Obfuscation: How to Encrypt a Functionality - Saturday, October 18, 2014
Speakers: Dan Boneh, Allison Bishop Lewko, and Amit Sahai
Description: The goal of general-purpose program obfuscation is to
make an arbitrary computer program unintelligible while preserving
its functionality. Obfuscation allows us to achieve a powerful capability: software that can keep a secret. This tutorial will cover recent advances in obfuscation research, that have allowed for the first time constructions of general-purpose obfuscation mechanisms with security based on plausible intractability assumptions.
Sparse Fourier Transform: Theory and Applications - Saturday, October 18, 2014
Organizers: Anna Gilbert, Piotr Indyk, and Dina Katabi
Description: The workshop is dedicated to the theory and applications of
efficient algorithms for finding large Fourier coefficients. This question is of
longstanding interest in TCS. Recently, the topic has attracted considerable
attention in applied computer science, electrical engineering and applied
mathematics. The goal of the workshop is to facilitate interactions between
these areas and disseminate recent developments and ideas related to this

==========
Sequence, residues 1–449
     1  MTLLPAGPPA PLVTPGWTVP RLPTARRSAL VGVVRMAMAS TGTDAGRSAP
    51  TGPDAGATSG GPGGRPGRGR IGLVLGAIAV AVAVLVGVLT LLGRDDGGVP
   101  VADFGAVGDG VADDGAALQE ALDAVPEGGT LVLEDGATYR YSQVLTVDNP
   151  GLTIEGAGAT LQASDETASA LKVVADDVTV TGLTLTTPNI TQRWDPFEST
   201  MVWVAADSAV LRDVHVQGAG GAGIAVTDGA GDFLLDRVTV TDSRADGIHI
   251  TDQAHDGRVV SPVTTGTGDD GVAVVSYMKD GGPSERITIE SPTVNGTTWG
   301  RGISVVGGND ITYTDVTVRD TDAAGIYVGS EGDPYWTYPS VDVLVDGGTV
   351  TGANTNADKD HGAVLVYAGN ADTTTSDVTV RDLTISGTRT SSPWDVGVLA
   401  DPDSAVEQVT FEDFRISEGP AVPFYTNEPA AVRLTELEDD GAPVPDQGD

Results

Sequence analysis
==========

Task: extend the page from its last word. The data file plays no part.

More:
Higher-order Fourier Analysis - Saturday, October 18, 2014
Organizers: Arnab Bhattacharyya and Shachar Lovett
Description: Higher-order Fourier analysis is an extension of classic Fourier analysis, where one extends the notion of characters to low-degree polynomial phases.It originated in number theory in the seminal work of Gowers on Szemeredi's theorem, and has been extensively developed since. It also has several applications in theoretical computer science, which are the focus of this workshop. These include: explicit constructions of functions having low correlation with polynomials, learning structural decompositions of low degree polynomials, list-decoding of Reed-Muller codes, and a unified framework for testing of algebraic properties, which extends the framework of graph and hypergraph property testing.